Ana: I am Latino, and while growing up as a child in a very diverse neighborhood, my parents were constantly dictating what kind of people I should not associate with. This was based on their observances from not experiencing diversity prior to their first years in the United States. I didn’t understand why my parents were so negative, and in class my teacher would encourage acceptance.

I ended up becoming friends with kids from all ethnic backgrounds, and I eventually introduced them to my parents so they could see that these kids were no different than we were. Ultimately, I ended up teaching my parents about acceptance and have changed their way of thinking.

I believe I would not have to teach acceptance to my child, as it is something children are born with and if I model it myself then it will continue. I don’t believe I will need to teach my child about tolerance until he or she experiences hate for the first time (I had to learn when I experienced racism as a young child), in which I do not look forward to informing him or her that some people do not understand the concept of acceptance and that my child will continue to meet others as he or she grows up.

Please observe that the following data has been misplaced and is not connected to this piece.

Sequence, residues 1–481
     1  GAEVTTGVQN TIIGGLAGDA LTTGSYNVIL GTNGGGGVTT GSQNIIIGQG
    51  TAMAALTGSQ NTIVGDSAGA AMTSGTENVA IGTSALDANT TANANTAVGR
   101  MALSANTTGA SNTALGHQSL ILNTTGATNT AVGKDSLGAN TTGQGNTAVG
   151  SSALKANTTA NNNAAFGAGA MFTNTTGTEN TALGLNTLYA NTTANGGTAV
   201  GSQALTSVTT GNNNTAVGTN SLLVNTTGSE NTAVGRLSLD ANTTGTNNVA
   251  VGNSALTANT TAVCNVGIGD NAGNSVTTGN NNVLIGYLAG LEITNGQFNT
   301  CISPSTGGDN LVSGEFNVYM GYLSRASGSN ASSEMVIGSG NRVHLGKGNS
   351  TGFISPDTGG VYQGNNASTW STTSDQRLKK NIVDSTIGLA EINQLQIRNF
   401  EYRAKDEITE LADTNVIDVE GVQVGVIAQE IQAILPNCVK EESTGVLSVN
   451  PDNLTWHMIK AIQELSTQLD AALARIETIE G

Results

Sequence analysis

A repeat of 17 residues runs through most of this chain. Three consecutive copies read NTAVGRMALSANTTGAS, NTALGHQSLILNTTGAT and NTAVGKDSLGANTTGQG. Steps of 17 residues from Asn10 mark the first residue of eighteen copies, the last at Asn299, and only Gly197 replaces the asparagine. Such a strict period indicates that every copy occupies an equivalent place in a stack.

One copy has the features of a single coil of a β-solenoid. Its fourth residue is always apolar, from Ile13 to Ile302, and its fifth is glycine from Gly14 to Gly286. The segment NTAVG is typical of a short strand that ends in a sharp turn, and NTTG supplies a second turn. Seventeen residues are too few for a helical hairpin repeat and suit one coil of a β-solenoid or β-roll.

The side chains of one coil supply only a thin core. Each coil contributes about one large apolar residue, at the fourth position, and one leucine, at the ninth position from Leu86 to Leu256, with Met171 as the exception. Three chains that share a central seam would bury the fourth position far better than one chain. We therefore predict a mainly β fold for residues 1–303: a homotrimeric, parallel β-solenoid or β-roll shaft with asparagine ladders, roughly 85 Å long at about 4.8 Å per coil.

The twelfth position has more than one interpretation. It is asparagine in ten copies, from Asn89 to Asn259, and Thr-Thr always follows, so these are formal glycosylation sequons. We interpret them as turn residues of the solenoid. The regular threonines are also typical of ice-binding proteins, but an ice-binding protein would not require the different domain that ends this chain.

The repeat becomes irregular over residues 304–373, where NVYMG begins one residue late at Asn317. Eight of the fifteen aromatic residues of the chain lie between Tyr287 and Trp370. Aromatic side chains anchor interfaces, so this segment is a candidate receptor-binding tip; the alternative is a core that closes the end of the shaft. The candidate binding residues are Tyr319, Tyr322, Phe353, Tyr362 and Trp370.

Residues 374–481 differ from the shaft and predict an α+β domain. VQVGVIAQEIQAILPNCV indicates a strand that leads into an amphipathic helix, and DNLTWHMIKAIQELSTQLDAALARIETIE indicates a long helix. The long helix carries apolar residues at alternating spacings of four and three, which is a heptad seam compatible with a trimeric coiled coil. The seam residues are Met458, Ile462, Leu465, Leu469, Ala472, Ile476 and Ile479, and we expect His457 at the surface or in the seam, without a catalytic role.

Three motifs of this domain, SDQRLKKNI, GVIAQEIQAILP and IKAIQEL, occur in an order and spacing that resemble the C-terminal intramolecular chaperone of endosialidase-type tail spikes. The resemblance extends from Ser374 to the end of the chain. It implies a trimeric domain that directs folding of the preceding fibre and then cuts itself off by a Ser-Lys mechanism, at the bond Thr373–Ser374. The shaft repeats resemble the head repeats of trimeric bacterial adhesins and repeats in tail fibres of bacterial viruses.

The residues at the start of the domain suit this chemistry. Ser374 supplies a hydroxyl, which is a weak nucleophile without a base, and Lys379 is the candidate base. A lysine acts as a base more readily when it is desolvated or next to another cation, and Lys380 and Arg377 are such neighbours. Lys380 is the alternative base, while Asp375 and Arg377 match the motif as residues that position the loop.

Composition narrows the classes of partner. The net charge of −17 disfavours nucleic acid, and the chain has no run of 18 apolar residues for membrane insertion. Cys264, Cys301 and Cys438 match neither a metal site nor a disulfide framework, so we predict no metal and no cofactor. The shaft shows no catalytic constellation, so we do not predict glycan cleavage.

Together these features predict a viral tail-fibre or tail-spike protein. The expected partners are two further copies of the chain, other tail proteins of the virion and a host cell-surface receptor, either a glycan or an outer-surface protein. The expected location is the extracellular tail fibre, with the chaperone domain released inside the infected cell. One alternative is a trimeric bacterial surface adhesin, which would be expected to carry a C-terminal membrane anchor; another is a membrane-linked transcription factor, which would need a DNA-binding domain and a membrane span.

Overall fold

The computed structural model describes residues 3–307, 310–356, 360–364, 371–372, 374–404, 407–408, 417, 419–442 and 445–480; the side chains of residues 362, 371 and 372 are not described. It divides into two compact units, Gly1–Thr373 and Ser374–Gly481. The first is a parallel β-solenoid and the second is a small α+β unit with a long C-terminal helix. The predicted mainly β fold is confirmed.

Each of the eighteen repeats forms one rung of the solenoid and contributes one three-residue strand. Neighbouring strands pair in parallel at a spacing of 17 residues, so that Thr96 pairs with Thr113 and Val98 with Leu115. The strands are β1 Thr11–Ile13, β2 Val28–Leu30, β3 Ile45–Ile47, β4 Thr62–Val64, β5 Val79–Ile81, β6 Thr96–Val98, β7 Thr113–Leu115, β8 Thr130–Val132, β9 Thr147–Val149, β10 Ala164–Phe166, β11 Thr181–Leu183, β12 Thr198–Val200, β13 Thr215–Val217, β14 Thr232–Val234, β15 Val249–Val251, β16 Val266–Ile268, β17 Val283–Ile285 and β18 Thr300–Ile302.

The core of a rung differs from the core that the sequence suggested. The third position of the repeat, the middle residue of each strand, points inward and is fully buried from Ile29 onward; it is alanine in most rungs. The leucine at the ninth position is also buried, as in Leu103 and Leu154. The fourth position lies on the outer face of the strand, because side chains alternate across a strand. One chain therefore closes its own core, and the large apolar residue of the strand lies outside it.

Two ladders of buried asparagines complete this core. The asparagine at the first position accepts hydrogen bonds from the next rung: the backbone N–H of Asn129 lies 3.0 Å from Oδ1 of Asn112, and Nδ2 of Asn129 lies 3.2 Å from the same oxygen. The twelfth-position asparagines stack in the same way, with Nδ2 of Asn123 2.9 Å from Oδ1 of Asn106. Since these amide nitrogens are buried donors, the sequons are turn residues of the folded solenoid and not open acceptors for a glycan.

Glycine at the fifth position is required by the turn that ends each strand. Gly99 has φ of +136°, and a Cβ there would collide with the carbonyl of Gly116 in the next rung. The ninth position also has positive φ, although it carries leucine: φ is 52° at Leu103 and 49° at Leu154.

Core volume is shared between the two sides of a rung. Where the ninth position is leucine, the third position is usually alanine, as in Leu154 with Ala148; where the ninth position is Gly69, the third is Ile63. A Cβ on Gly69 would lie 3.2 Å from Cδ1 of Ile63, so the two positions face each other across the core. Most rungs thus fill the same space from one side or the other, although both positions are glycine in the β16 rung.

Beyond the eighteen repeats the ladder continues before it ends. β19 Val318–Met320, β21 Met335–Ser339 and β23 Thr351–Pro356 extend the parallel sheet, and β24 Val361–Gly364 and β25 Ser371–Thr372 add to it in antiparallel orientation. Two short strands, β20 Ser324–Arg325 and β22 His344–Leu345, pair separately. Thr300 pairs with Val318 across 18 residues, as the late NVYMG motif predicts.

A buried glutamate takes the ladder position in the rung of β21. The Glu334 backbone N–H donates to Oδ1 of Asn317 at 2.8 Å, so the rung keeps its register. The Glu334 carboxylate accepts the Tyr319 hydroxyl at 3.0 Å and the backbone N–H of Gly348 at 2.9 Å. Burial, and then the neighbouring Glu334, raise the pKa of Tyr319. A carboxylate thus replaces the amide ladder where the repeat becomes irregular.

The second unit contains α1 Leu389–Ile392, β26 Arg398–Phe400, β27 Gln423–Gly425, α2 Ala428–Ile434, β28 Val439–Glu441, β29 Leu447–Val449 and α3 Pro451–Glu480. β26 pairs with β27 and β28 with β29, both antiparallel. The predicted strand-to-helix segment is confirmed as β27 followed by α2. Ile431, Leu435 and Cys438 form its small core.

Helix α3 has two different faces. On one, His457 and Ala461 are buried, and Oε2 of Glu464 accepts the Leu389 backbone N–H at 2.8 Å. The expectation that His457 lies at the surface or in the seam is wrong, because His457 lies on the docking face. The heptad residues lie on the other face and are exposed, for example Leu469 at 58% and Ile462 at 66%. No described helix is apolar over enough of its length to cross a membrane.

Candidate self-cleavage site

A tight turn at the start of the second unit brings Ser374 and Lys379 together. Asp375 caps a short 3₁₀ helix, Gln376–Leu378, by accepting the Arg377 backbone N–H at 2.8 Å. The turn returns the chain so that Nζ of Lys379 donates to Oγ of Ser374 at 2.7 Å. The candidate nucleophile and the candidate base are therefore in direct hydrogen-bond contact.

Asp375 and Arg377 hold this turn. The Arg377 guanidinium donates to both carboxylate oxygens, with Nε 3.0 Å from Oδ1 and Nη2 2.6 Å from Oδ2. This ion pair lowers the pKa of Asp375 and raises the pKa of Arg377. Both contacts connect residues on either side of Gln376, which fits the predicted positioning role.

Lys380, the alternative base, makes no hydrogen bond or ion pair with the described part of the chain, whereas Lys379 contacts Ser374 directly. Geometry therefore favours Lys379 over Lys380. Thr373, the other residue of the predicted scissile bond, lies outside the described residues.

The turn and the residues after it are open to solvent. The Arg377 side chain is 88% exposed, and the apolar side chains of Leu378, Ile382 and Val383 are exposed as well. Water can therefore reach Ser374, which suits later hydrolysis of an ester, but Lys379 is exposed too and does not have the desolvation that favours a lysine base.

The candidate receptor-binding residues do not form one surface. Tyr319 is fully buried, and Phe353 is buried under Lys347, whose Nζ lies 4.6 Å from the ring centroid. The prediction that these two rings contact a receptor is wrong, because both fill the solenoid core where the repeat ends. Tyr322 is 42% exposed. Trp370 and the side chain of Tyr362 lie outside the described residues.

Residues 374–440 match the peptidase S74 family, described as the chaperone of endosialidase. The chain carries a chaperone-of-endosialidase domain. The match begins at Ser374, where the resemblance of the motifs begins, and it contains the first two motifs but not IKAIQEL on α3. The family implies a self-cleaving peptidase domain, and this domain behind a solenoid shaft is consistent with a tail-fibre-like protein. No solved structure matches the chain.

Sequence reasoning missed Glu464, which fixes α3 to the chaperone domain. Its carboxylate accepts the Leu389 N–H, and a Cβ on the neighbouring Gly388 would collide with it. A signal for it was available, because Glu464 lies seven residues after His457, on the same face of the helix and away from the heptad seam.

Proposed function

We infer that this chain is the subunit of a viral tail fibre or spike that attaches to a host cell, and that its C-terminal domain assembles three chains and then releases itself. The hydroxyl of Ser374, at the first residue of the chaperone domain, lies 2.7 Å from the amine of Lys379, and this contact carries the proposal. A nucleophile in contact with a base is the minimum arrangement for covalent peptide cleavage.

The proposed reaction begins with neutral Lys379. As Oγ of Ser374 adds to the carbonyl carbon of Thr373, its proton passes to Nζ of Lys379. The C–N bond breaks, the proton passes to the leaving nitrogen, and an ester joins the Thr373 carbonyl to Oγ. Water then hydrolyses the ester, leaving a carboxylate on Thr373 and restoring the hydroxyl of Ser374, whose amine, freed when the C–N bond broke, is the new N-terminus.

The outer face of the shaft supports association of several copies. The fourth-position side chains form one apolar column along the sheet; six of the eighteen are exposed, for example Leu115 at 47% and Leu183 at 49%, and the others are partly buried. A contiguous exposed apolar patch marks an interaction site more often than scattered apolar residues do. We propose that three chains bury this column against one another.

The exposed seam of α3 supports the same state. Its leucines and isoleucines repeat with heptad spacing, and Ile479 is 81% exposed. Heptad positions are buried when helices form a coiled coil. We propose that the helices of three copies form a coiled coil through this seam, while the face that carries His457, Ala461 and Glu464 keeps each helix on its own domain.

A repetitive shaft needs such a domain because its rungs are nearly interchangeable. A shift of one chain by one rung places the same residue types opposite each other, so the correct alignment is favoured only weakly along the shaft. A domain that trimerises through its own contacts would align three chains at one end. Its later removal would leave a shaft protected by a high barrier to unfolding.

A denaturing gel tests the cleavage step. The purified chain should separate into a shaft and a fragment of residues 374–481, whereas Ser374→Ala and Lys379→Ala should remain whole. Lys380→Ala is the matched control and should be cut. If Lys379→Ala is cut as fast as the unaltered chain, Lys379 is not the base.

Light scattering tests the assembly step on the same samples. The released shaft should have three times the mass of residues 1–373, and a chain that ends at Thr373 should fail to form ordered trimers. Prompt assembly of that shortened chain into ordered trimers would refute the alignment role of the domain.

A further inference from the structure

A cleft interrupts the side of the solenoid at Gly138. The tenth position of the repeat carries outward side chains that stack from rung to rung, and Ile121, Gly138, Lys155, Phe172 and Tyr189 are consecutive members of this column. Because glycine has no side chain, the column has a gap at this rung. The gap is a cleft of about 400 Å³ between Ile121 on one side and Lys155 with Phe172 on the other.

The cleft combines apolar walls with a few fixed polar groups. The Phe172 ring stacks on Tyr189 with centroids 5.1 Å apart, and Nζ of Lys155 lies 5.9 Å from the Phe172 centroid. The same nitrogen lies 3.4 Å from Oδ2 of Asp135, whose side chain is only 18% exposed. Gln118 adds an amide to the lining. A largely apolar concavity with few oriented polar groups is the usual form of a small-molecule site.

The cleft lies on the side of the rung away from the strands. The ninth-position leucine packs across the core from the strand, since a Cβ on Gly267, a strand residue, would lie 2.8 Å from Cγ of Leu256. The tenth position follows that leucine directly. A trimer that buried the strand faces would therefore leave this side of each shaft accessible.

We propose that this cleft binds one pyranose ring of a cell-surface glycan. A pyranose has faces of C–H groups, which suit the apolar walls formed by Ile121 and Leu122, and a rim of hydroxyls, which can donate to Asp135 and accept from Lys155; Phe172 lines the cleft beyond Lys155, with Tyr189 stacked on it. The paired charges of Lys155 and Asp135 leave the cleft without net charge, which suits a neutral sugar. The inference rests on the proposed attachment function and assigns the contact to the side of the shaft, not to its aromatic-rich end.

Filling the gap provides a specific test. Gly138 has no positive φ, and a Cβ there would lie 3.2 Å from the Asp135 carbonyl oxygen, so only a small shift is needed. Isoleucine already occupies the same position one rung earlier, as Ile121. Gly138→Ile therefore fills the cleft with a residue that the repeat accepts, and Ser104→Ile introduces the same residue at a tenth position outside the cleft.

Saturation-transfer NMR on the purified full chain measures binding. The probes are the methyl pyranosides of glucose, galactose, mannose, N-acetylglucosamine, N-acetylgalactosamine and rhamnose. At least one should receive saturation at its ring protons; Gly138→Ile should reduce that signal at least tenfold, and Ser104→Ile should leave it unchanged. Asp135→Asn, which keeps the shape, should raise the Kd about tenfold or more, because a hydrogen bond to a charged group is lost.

Mario: I would teach my child through modeling behavior-- demonstrating acceptance of others and tolerance of others. However, it’s important that the child understands he or she does not have to be tolerant or accepting of all others. Protesting is fair.